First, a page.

Once again I must repeat that, if you play a radio in your store, you need both a PRS and a PPL licence. I know this is a bit like telling an off-licensee that (s)he needs one licence to sell beer and another one to sell whisky but there you go.

The main problem that PPL faces as it chases to catch up with PRS on the licence front is that many retailers genuinely don’t know that they need both in order to play a radio in their store.

Steve and Lesley Edwards certainly were not aware. When Steve rang from their store, Seaview News in Cleethorpes, he said: “We pay our way and do everything by the rules. We paid PRS £91 per year for the past two years to play the radio. Fair dues.”

But he was staggered to receive an invoice “out of the blue” from PPL demanding back fees for £400.

It turned out that PPL had rung previously and had asked a member of staff whether there was a radio in the place. This further ticked off Steve as the member of staff was not authorised to speak on behalf of the business. But it was better than my initial thought that PRS had passed on info to PPL. I can now say, categorically, that was not the case.

“What made it even more annoying was the bill came from a recovery agent, ie a debt collector,” adds Steve.

Some heated exchanges took place although Steve says that, in the end, everyone tried to be helpful and the amount was reduced by half and Steve will pay.

PPL sent me a very full reply to all the points (too full to reproduce I’m afraid) and has reiterated why it does what it does collecting on behalf of musicians.

As I have said before, my daughter is a mezzo soprano. Since she is still studying for her B.Mus we have also seen a large number of performances by her contemporaries, all very talented yet almost all facing a slim-line future money-wise. Very few musicians get paid what they’re worth but the public’s perception is skewed by the fact that the tiny bunch at the top get paid well over the odds. Like footballers.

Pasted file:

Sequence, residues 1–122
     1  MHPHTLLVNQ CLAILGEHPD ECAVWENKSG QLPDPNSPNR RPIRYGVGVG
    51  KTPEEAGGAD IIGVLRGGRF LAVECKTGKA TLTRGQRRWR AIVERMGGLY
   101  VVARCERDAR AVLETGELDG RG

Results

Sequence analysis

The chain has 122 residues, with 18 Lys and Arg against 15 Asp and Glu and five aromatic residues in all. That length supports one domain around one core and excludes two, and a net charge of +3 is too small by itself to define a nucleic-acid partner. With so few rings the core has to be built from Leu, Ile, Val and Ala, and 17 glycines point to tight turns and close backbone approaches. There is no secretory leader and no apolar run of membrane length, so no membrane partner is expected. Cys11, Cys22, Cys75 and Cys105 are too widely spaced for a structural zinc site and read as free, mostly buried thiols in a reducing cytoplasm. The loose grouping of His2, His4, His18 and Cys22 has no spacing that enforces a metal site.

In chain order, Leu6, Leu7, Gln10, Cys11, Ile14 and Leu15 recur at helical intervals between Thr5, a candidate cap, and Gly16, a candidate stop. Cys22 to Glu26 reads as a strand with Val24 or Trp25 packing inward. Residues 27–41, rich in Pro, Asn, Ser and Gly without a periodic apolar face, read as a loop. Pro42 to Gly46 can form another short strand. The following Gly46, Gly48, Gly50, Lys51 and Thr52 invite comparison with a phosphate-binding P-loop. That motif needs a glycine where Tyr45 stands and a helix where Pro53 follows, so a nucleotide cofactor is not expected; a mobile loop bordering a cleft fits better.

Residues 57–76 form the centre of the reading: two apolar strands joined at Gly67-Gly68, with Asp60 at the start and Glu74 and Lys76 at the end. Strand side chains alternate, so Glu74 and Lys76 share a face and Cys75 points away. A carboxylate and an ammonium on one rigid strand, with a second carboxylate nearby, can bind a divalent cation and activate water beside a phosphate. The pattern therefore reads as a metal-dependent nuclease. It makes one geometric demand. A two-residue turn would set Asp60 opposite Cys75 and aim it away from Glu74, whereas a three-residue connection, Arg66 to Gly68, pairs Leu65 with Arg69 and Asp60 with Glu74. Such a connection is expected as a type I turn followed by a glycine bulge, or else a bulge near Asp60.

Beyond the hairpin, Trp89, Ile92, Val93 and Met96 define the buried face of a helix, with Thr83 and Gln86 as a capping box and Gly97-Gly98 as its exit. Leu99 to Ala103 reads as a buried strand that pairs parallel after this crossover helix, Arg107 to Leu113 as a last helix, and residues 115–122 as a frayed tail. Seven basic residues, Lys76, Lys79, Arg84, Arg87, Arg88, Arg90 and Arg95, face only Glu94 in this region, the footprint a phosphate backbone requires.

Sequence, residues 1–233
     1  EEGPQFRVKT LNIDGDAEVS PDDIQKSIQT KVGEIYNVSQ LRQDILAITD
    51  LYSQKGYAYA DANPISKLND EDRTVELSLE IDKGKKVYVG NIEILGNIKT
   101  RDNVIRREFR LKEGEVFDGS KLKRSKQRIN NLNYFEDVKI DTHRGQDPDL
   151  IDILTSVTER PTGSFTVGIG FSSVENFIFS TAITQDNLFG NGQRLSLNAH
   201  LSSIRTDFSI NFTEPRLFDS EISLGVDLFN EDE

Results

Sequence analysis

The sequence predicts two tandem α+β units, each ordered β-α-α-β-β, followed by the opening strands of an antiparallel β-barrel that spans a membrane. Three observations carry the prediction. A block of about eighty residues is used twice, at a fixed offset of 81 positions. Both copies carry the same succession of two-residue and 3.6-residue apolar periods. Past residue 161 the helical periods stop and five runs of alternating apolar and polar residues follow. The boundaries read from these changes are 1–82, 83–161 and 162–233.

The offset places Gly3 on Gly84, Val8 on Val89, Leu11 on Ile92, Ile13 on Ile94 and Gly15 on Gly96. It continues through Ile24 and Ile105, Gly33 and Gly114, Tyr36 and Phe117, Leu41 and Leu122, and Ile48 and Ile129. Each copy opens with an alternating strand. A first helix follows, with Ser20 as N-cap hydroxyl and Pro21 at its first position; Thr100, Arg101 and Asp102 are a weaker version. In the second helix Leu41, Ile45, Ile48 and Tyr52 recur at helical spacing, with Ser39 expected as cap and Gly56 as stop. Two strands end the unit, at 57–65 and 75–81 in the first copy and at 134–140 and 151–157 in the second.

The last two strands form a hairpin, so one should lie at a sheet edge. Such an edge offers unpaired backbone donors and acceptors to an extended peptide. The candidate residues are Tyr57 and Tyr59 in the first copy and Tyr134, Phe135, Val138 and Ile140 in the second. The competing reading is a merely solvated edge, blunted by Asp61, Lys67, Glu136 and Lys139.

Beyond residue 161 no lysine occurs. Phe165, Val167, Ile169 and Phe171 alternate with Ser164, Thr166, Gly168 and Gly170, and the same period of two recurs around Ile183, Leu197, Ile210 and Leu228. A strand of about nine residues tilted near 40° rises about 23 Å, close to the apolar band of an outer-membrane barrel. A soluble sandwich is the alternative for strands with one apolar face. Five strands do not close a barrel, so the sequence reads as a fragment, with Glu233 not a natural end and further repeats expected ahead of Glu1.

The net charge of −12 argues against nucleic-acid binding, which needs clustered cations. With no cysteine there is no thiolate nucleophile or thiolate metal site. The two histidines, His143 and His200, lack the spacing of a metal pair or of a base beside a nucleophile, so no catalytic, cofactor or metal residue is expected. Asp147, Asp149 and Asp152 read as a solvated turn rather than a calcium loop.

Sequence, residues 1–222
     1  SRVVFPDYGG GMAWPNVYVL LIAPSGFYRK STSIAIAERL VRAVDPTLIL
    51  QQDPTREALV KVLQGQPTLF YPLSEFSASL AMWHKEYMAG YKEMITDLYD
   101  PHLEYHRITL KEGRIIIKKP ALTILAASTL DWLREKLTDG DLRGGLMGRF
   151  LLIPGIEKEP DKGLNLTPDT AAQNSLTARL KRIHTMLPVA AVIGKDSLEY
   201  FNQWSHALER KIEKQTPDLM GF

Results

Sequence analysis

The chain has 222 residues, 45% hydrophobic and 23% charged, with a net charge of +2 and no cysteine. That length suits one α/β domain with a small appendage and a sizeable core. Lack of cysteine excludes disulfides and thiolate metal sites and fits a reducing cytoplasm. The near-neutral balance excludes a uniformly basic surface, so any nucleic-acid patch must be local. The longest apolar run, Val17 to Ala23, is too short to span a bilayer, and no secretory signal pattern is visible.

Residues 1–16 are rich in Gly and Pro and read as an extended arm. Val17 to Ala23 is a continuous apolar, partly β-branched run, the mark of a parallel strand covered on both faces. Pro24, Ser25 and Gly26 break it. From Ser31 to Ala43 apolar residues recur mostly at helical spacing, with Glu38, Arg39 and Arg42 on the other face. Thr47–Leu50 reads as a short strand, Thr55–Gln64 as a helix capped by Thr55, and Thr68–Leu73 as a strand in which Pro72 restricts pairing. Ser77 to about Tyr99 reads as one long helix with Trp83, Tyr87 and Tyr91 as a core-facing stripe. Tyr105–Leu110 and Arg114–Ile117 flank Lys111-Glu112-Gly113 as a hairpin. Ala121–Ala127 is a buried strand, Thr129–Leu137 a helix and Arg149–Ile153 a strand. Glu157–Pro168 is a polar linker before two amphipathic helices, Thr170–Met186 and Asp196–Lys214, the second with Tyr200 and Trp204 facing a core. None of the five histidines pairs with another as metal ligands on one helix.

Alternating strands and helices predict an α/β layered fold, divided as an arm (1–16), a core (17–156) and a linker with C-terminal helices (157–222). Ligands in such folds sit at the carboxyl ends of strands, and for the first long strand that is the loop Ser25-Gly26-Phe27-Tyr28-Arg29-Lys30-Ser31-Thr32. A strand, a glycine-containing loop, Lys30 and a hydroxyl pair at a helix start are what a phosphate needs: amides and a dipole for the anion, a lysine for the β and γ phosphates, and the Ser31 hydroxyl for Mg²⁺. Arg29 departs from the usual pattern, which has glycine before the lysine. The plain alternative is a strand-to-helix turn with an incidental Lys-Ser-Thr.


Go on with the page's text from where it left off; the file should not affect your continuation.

We’ve got you taped!

Amit Patel got in touch on email to question whether Opus Energy was a good’un as he’d seen it on a utilities-switching site.

It turns out the reason the name is not that well known is because Opus doesn’t do domestic, only commercial, but I also noticed on the Opus website that it had just signed up Virgin Media so not bad going. I told Amit I’d use his query in my next column as it would make a change to write something positive about energy companies.

This prompted another email from Amit who sent me the following superscam reported by the Daily Mirror’s investigative journalist duo Andrew Penman and Nick Sommerlad.

The story tells of a blatantly doctored recording that tricked a Stratford-upon-Avon shopkeeper, Alison Gardner, into a costly and unwanted energy contract after she was phoned by a caller claiming to be from E.on, her existing supplier.

The resulting tape was edited and sold to energy broking firm First Choice Marketing, which in turn sold it to E.on, which was apparently delighted that Alison had readily agreed to a new three-year deal.

Trouble was, she had switched a few weeks earlier to a different energy supplier with a £1,200 cheaper deal.